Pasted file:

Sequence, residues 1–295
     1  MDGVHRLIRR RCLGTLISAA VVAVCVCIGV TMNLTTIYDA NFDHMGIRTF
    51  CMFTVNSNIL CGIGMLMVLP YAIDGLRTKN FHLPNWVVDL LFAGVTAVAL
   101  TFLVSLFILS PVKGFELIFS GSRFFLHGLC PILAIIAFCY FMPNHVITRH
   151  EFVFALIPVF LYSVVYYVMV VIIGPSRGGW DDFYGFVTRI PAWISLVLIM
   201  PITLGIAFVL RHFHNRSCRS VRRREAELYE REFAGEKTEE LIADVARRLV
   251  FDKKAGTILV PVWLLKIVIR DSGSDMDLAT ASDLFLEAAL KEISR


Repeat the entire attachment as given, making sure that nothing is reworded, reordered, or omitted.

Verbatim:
Sequence, residues 1–295
     1  MDGVHRLIRR RCLGTLISAA VVAVCVCIGV TMNLTTIYDA NFDHMGIRTF
    51  CMFTVNSNIL CGIGMLMVLP YAIDGLRTKN FHLPNWVVDL LFAGVTAVAL
   101  TFLVSLFILS PVKGFELIFS GSRFFLHGLC PILAIIAFCY FMPNHVITRH
   151  EFVFALIPVF LYSVVYYVMV VIIGPSRGGW DDFYGFVTRI PAWISLVLIM
   201  PITLGIAFVL RHFHNRSCRS VRRREAELYE REFAGEKTEE LIADVARRLV
   251  FDKKAGTILV PVWLLKIVIR DSGSDMDLAT ASDLFLEAAL KEISR